THE WEST Dorset coast took a pounding in a fierce storm which battered beach huts, uprooted trees and put residents on evacuation alert.
There were fears some residents in West Bay would need to be evacuated, but the tide turned just in time.
West Bay and Lyme harbours were among the areas in Dorset issued with severe flood warnings for high tide yesterday morning.
Further along the coast in Lyme Regis beach huts were battered, chalets ruined and an ice cream parlour was flooded by pebbles.
Seven of the town council-owned beach huts were smashed by the powerful waves.
Bridport Police Inspector Mike Darby, pictured above, said: “Our officers have been busy around West Bay, Charmouth and Lyme Regis.
“Clearly it has been impacting every coastal area.
“We had to close the Esplanade in West Bay on Wednesday morning.
“There were lots of people there taking photographs but we needed to keep people back from the danger areas.
“We had fears we were going to have to evacuate people from West Bay in the morning but luckily when it was looking like it was dangerously close, the tide turned.”
The road into West Bay was closed by a huge fallen tree after it crashed across the road at the Haddon House Hotel overnight.
Bridport town surveyor Daryl Chambers said the council team had been responding to as many requests for assistance as they could.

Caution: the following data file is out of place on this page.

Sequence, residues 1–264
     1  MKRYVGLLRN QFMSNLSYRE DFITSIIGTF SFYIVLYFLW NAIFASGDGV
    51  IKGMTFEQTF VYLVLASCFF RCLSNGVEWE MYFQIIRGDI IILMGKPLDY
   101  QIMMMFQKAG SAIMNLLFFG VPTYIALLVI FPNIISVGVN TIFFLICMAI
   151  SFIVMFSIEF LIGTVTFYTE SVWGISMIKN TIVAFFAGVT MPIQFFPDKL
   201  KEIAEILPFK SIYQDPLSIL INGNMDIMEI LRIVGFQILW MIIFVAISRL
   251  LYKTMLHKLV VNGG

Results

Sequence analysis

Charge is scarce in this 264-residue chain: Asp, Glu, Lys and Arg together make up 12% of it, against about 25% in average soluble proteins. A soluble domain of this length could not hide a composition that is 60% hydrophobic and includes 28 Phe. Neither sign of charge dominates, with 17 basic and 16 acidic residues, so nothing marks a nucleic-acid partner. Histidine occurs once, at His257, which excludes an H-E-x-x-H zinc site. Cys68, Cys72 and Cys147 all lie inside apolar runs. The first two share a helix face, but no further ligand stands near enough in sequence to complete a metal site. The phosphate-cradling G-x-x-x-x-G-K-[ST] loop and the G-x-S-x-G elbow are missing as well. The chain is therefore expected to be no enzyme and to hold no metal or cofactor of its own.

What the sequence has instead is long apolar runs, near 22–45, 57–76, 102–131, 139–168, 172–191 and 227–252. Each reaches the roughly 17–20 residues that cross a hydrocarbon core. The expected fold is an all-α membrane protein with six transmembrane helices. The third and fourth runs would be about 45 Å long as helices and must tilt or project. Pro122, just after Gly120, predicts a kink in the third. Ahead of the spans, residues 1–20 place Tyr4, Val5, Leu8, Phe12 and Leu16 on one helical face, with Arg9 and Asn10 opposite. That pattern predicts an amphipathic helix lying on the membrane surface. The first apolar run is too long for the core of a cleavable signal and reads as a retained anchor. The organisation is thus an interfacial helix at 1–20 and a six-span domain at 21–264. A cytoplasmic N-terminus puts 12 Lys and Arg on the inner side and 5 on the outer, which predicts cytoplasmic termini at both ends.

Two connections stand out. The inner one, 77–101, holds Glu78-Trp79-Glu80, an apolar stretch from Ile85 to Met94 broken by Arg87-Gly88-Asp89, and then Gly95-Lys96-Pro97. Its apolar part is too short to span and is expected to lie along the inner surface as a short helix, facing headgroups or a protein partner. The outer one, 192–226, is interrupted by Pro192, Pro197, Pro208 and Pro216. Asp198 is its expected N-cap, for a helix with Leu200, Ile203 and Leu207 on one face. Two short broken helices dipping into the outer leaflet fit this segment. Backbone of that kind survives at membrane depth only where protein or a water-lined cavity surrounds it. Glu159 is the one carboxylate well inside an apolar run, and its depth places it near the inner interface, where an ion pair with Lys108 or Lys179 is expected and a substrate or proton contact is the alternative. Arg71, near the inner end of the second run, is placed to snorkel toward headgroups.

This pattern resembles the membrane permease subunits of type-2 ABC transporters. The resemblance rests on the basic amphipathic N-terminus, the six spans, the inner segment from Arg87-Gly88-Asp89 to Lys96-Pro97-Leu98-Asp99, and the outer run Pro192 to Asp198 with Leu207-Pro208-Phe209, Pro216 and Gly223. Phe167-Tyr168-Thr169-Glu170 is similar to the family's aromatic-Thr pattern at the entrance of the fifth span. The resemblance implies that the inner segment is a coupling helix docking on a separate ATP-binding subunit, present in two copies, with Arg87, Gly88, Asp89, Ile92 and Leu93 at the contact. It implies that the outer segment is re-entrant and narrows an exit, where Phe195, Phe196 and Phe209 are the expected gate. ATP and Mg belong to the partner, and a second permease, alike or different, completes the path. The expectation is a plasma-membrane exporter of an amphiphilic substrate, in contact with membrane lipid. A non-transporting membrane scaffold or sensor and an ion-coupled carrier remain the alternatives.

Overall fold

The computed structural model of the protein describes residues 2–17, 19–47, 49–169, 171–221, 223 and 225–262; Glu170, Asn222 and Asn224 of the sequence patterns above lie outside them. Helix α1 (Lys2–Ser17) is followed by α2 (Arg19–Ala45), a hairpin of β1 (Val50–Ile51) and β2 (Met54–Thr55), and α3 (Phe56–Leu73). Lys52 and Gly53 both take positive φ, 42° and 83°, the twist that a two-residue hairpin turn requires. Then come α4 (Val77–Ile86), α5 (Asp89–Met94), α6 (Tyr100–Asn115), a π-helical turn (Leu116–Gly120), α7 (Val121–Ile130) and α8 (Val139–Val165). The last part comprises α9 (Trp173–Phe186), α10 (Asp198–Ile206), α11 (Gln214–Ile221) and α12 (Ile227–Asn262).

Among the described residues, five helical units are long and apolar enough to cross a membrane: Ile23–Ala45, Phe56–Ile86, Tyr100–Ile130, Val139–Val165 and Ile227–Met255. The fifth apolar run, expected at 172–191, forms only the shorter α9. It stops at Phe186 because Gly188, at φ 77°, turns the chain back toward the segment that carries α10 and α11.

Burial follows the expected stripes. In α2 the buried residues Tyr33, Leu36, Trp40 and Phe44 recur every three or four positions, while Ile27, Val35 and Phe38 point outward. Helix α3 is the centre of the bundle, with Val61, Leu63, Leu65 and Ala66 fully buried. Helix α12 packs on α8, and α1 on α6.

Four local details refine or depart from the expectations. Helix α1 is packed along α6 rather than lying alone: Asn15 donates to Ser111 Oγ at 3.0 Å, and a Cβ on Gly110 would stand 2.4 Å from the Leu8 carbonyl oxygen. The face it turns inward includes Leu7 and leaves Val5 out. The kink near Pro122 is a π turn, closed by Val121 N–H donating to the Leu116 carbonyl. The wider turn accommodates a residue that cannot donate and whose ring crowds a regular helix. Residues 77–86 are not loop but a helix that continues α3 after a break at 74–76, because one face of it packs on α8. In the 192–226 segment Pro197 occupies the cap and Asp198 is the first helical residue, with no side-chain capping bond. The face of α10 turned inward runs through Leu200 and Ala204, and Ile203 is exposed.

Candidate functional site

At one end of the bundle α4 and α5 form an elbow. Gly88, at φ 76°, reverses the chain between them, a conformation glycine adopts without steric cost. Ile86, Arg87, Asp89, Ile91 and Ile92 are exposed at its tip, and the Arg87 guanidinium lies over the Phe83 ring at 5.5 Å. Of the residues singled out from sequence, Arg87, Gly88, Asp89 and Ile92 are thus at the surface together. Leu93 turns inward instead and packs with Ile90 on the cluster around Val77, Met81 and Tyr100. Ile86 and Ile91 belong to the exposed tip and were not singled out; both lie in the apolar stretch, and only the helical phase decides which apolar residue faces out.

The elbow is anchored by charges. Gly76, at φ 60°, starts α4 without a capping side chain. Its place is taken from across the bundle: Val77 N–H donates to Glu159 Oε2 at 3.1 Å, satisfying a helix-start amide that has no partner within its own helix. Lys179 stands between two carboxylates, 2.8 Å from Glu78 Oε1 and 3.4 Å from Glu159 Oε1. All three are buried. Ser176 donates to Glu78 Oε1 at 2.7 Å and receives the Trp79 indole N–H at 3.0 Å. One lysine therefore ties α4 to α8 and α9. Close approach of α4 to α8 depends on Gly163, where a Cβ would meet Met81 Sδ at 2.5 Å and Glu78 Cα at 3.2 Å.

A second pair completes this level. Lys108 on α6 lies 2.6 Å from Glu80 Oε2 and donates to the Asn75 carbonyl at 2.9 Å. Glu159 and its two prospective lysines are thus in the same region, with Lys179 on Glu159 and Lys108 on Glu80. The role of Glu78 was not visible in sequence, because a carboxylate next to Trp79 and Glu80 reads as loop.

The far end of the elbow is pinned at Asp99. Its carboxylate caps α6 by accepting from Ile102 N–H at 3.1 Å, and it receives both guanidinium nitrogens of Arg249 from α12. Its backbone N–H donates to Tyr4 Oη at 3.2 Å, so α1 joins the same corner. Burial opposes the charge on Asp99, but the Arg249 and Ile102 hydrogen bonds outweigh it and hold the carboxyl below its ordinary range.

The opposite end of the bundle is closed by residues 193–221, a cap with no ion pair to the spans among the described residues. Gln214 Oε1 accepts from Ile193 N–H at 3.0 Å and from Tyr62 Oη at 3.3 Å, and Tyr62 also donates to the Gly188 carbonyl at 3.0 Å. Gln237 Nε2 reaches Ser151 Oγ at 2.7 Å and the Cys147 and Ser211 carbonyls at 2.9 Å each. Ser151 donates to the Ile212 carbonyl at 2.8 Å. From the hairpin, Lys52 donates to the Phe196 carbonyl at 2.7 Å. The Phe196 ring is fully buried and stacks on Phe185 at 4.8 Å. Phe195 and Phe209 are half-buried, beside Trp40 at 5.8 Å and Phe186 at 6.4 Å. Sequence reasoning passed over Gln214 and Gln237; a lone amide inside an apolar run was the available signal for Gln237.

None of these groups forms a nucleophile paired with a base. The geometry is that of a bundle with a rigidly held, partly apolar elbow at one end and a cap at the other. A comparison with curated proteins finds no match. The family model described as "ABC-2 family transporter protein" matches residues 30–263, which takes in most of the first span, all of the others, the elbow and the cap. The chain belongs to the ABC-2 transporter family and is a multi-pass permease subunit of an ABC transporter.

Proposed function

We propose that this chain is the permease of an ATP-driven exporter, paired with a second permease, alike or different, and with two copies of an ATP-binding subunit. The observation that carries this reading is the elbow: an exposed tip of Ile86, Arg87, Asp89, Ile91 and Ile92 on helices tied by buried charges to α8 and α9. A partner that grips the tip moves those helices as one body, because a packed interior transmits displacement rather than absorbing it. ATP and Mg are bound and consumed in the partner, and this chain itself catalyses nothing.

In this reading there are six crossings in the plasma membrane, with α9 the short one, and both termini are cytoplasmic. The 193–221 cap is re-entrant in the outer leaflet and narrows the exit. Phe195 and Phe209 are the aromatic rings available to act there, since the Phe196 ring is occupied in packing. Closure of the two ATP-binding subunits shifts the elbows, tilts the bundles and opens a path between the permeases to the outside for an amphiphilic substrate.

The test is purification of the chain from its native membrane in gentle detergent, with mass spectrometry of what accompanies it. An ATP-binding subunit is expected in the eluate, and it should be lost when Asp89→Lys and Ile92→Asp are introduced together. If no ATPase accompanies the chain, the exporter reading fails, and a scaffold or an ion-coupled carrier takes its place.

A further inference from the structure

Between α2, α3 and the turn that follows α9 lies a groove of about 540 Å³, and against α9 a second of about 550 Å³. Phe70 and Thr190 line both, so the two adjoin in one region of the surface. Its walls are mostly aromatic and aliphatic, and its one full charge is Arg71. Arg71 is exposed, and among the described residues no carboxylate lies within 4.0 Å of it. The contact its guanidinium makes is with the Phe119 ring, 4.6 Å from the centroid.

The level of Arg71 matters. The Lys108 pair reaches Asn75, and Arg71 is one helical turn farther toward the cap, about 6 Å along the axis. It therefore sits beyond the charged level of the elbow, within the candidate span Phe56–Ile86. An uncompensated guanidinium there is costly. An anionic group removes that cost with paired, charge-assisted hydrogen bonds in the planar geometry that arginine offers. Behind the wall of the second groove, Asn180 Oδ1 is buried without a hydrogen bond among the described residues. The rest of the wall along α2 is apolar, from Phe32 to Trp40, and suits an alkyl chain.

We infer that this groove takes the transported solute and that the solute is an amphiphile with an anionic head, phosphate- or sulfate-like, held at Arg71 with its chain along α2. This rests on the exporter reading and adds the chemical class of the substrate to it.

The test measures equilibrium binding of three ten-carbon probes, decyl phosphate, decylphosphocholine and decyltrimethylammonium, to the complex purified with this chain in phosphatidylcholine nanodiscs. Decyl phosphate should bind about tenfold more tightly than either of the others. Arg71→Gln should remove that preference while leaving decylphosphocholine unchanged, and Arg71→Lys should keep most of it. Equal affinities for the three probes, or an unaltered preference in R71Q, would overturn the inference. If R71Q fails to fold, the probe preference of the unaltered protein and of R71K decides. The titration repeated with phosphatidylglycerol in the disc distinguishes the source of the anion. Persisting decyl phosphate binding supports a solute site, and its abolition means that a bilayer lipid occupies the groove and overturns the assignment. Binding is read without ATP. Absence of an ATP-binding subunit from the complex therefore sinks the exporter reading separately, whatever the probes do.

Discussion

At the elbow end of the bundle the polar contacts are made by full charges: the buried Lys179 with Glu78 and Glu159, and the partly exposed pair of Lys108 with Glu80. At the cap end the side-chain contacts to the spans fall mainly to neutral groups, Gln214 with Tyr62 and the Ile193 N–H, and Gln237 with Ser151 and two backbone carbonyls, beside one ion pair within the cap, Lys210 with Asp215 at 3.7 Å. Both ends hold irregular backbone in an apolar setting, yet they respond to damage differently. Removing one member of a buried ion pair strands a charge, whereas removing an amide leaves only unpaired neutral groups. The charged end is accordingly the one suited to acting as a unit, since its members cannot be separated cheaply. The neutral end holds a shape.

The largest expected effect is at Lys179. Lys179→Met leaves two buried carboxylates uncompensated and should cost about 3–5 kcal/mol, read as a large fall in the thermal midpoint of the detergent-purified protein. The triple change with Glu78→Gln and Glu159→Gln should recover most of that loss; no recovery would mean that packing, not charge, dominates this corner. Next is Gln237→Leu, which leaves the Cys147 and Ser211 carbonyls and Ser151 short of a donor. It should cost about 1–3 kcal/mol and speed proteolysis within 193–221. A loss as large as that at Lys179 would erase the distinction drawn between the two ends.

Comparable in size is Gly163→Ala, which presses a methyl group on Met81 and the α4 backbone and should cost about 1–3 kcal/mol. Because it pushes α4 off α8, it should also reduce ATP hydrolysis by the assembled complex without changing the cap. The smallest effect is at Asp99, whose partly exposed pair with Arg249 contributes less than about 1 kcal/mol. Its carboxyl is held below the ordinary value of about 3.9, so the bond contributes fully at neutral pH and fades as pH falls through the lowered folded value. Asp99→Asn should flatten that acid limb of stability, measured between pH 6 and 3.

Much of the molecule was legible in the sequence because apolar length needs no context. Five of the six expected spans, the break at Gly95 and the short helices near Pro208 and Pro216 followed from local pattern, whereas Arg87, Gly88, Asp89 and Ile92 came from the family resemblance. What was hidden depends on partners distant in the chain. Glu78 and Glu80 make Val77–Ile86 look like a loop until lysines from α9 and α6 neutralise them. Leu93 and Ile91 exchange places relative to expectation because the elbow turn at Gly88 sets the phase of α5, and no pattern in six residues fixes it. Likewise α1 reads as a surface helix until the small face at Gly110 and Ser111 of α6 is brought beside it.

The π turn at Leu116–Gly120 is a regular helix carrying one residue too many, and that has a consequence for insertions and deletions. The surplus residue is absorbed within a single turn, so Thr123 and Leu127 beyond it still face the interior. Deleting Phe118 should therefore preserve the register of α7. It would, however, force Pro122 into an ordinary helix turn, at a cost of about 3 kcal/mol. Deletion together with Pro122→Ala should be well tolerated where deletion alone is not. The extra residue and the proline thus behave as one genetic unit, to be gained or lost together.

He said: “We have given out all our sandbags and more are on the way. We have left some in the harbourmaster’s yard in case they are needed.
“The biggest job has been dealing with damaged or fallen trees and we were called to half a dozen or more.”
West Bay harbourmaster James Radcliffe said: “I don’t think it was expected to be this severe.
“The Environment Agency didn’t issue a severe warning until 8pm the night before, which for us is quite late.
“To my knowledge we have not had a severe weather warning down here before.
“We have not had too much damage, some to people’s property walls and some paving slabs have been washed away. It’s more debris than anything. The benches got washed off the Esplanade.
“The majority of people have been behaving themselves, but again there are always one or two that decide they are above it all, unfortunately.”
Coastguards have urged people to stay out of the seas in the stormy conditions.
It comes after a man capsised in his kayak off Lyme Regis last weekend and had to swim half a mile back to shore.
Matthew O’Rourke, from Burton Bradstock, was checked over by the medical teams the RNLI returned to sea to retrieve his surf-ski, which is a sea-kayak.
Graham Turner, station officer for Lyme Regis Coastguards, said: “Luckily, he was a professional guy and a very good swimmer.
“We are worried about copycat people going into the sea and trying to do what he did because a lot of people were watching him, but he has previously swam the Channel so he is a very strong swimmer and thankfully he was safe.
“We are urging people to not go into the water at all.”